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Marci Lynn Ryvicker, Wolfe Research, LLC - MD of Equity Research [25]

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I agree. Two clarifications for you, Perry. It sounded like you said Q2 core may be up mid-singles so I just want to confirm that? And the second thing is in your prepared comments, I think, I heard Scripps got approval for the divestiture stations from the DOJ and FTC, I just want to confirm that?

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Perry A. Sook, Nexstar Media Group, Inc. - Chairman, President & CEO [26]

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The FTC approval and early termination of HSR in the Tribune acquisition related to the stations necessary for divestiture for the national ownership cap. So these were not overlap markets. So that was the piece that received early termination of HSR. What is still at issue at the DOJ -- it's DOJ now, not FTC -- arms of DOJ --. it's DOJ, is the overlap markets, and they are and have met with the divestiture buyers. 2 of the 3 divesture buyers have been in front of the DOJ recently. So we think we could say that they are brand safe and known entities. And the DOJ has said they need nothing further from either Nexstar or Tribune at this time, all of which we take as a positive sign as we move through the process. And from FCC perspective, as I mentioned, all the applications are on public notice, including the divestiture applications and that public comment period will end on May 27. So potentially, we could receive a grant at the end of June. I'm not attempting to bind the government to that. It's a big transaction, and they will take their time to make sure they are sure footed of their approvals, but we at minimum still stand by our third quarter closing time line and with the thought that potentially could be slightly accelerated. Your question on core, if I said mid-single digits, that's kind of where we're currently pacing. We're not forecasting to finish in the mid-single digits, but we will see sequential improvement over the first quarter. I would say that would be more of a low- single-digit growth over the prior year on core.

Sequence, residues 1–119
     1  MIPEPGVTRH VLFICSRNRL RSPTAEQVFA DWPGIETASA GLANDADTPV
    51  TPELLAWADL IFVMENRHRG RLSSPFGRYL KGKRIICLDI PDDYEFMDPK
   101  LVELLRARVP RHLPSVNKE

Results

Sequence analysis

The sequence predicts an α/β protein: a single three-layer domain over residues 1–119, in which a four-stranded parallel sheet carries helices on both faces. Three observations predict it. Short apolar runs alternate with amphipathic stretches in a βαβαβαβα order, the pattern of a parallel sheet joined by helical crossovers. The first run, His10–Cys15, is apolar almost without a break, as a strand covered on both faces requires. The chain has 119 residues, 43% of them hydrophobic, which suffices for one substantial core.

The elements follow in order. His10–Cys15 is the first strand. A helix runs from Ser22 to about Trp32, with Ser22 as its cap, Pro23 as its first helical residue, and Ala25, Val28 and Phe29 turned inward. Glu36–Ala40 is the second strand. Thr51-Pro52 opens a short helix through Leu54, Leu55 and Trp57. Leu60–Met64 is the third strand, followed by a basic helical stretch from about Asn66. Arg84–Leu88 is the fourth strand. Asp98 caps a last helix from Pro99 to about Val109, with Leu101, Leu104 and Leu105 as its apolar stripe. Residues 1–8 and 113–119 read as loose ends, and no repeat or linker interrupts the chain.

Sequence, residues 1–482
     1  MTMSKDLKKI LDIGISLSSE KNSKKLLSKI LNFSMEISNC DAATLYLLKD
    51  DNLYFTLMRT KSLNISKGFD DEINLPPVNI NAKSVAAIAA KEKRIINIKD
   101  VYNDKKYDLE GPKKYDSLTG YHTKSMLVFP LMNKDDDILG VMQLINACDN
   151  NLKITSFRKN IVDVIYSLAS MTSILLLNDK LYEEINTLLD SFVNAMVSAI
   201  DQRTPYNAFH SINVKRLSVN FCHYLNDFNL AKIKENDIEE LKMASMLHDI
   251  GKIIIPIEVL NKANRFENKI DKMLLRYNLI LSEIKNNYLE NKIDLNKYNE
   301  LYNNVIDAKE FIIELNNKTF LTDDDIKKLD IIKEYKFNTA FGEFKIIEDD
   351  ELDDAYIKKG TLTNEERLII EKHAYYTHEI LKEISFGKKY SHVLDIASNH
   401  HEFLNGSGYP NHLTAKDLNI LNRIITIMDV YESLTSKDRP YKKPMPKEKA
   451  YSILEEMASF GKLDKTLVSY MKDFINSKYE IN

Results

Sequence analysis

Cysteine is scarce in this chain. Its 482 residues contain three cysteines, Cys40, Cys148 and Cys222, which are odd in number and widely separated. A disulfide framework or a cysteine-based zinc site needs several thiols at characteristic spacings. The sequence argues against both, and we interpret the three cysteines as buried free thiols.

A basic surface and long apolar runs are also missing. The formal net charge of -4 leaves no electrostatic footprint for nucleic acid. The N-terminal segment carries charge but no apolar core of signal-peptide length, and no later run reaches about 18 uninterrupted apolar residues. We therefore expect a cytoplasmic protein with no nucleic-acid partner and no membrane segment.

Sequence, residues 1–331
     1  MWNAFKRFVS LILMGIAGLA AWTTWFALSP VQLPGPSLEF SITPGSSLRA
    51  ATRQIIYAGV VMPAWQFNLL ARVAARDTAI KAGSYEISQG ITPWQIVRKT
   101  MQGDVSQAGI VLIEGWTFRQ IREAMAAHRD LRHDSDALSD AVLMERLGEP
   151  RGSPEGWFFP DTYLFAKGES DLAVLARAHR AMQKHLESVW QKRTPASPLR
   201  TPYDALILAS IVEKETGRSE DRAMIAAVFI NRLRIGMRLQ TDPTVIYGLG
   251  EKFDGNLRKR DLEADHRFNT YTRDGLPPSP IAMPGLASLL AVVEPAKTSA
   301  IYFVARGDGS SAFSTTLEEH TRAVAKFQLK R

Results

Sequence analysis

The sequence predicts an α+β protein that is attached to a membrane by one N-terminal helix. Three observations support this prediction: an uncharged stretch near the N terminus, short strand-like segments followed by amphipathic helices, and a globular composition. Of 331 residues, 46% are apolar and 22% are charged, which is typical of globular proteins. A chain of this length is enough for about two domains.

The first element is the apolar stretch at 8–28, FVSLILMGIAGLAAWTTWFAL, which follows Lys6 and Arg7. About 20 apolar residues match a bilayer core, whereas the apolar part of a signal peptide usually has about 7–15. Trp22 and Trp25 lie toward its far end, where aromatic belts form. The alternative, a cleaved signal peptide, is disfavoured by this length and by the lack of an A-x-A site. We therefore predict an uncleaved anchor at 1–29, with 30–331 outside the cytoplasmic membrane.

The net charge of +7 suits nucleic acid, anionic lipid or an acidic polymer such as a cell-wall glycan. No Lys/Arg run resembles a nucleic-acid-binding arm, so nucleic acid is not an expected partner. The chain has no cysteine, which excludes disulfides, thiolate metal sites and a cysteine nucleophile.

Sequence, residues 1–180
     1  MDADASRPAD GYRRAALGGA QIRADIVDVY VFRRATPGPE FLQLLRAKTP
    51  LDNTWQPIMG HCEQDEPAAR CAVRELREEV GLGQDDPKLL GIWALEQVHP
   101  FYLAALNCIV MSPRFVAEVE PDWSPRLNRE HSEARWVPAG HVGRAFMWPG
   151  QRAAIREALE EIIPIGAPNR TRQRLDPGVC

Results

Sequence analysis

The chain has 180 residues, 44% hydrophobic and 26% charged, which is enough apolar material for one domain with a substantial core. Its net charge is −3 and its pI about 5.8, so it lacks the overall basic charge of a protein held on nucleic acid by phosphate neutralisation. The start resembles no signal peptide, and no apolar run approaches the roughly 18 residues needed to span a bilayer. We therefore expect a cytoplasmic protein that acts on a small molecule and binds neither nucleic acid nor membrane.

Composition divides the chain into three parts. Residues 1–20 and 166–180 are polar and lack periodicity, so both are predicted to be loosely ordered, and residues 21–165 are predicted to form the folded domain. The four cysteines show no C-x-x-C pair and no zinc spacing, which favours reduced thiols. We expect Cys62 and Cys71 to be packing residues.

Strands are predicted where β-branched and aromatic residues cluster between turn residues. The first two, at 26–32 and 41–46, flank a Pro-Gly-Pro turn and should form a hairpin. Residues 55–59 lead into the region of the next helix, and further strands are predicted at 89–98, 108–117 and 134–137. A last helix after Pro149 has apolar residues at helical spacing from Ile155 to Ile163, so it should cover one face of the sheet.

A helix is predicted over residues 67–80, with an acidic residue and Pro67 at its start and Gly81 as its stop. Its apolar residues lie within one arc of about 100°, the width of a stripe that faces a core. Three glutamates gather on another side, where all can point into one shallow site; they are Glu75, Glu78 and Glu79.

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Operator [27]

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And our next question comes from Kyle Evans with Stephens.

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Kyle William Evans, Stephens Inc., Research Division - MD [28]

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Two-part retrans question. Perry, I think you mentioned double-digit retrans for the year just want to clarify and make sure you meant at the net level? And then on a related note, a lot of focus and commentary around the virtual MVPDs. What kind of visibility and escalators do you have on those subs, given where those rates are negotiated and the way that money flows? And I've got a follow up.

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Thomas E. Carter, Nexstar Media Group, Inc. - Executive VP & CFO [29]

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Sure. With regard to the virtual MVPDs, we're still on a cash basis, basically. So there is not a lot of visibility into their sub counts yet. So we're not accruing that. We're recognizing the revenue as it comes in. So from that perspective, I think, we feel good about it, it's a real-time exercise. And just to be clear, we have not changed our guidance with regard to near-term double-digit growth in retrans revenue or if you want to think about it in net retrans contribution. And I'll let Perry answer the question with regard to kind of the cadence of the virtual MVPD transaction and contracts.